What a piece of work is
a man 1537! How noble in reason, how infinite in faculty! In form and moving how express and admirable! In action how like an angel, in apprehension how like a god! The beauty of the world. The paragon of animals. And yet, to me, what is this quintessence of dust? Hamlet (Act2: Scene II)
Well, Hambo my old bean, ‘Quintessence of Dust’ is the side long opening track of Transmaniacon Plays The Darkening Plain and a stone(r) cold slice of genius pie. I picked this album up when it was released in 2014 because of the brilliant Ian Miller cover art and the fact it looked really damn heavy and I’ve never looked back. The fact that it is on red-splatter vinyl and there are only 300 copies of it in existence on LP is just the geek boy icing on the spiky android cake.
You can have loads of genre bolting together related fun with Transmaniacon, as this is definitely the finest doom prog proto-metal punky sci-fi stoner rock LP I have ever owned, or indeed am likely ever to. Not that any of that is remotely relevant to anything anyway, this is quite simply great music. If there was any talent related justice these chaps would all be showing us around their platinum and diamond encrusted tropical mansions on MTV cribs every day of the week.
I have never read, or to my knowledge even glimpsed, John Shirley’s 1979 novel Transmaniacon but the music herein started life as a mooted soundtrack for an abandoned film of the book as all good doom prog proto-metal (etc etc) LPs should. Transmaniacon opt for the tried-and-tested Iron Butterfly and Rush route of an epic on Side 1 and a clutch of other tracks on Side 2 and boy does it pay off.
The epic in question is ‘Quintessence Of Dust’ and my poor weak brain’s interpretation of the story is that of a diseased population being sent out into space to be disposed of and coming back as a half-human half-robo killer hybrid hellbent on extracting a bloody revenge for their travails. I assume this is based on a true story. Basically, your full-on future-ocalypse man-machine scenario and the pay off is that to defeat the monstrous we must become monsters ourselves, which I half-remember as a line from Nietzsche*. It is, with a twist or two towards robots, close to the plot of my favourite disco holocaust LP Cerrone Supernature. So much for the theoretical side of things, but does it rock?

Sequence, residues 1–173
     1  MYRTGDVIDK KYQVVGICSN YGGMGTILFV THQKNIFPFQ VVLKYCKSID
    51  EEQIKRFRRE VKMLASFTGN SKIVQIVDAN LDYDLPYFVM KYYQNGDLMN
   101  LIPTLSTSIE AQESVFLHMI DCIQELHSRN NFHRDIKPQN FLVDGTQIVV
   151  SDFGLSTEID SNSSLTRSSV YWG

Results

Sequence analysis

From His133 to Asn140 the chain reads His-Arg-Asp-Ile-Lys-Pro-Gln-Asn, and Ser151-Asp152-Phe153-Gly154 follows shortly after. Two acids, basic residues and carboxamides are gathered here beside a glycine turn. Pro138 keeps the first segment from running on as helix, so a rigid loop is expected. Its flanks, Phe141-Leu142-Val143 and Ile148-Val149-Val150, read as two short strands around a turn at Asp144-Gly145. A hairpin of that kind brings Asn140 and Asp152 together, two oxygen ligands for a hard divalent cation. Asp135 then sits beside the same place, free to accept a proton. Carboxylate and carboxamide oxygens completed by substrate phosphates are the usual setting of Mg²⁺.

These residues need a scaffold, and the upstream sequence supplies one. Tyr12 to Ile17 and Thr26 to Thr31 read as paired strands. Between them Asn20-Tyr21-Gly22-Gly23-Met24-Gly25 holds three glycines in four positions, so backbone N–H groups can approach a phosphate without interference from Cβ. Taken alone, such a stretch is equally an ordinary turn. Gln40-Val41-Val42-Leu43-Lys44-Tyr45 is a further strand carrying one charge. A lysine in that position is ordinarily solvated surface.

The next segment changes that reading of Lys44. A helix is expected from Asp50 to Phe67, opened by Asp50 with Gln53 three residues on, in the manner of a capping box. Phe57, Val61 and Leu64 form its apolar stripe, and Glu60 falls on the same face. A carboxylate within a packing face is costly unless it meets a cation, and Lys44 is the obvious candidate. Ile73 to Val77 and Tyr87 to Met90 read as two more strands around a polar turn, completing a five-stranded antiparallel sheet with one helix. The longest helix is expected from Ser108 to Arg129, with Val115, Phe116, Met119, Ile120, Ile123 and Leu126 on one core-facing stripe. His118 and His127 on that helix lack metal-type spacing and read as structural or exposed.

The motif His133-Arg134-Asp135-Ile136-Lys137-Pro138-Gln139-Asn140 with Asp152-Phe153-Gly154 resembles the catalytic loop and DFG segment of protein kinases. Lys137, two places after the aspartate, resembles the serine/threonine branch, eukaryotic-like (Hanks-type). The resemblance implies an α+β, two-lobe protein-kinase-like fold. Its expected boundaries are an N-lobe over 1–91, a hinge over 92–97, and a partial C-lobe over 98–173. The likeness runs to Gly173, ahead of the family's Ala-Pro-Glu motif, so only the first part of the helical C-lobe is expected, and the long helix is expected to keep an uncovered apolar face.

Of course it does and not like anything else in the whole of the 1537. The guitars storm, soar and rage, there is some quite frankly Jon Lord-esque organ passages and the vocals are really something else, there’s a great sneery, punker quality about them which I love. As if all that wasn’t enough, Lydia Lunch makes an awesomely sinister appearance about a third of the way through, to great effect, as a dead-voiced narrator who intones lines like ‘shiny metals that never rust / Weak animals that must be crushed’.
It is difficult to sum up a track like ‘Quintessence Of Dust’ because of the sheer unwieldy size of it, both in terms of length and sheer ambition. The fact that the tension and excellence of the track is sustained throughout is testimony to just how great this is. Monster will do.
The musicianship Transmaniacon display on The Darkening Plain is top-notch. Bassist Steve Cox’s keyboards really grab my attention as do Simon Halliday’s vocals, which take the sound far further towards Killing Joke than Queensrÿche. Paul Cox and Ged Murphy’s guitars chug and lash hard, as and when required. On top, or beneath, all that Karl Hussey’s drumming is a versatile energetic thing that glues and propels things together/onwards. Phew!
But can Transmaniacon avoid the old trap of the epic first side so hugely outweighing the second that it is, to all intents and purposes, irrelevant and unmemorable? Fear not gentle reader, they do.
The three tracks that make up side 2 of The Darkening Plain whilst not conceptually linked, albeit sharing a pessimistic outlook (‘The oppressive weight of expectation/ Sordid reality of homo-sapien’**), are not much of a departure in sound for the band.
The pick of the three for me is ‘An Eye For An Eye’ which is a genuinely angry cut which jogs along at a great chugging pace and is graced with yet more great organ work from Steve Cox – it sounds like a furious Deep Purple; which can only be a good thing.
I cannot find anything else by the band online, or even anything about them after The Darkening Plain. I suspect that this LP may well prove to be one of those tantalising single-shot affairs where something really great just coalesces out of the aether and then, just as mysteriously dissipates leaving us standing alone and energised on The Darkening Plain.
*Friedrich, not Jack.
**when I was reading Yuval Noah Harari’s Sapiens: A Brief History of Humankind earlier this year the eMail filter at work took offence at the ‘homo’ in ‘homosapien’ and assumed I was bandying around homophobic insults. I may write an angry concept LP about it.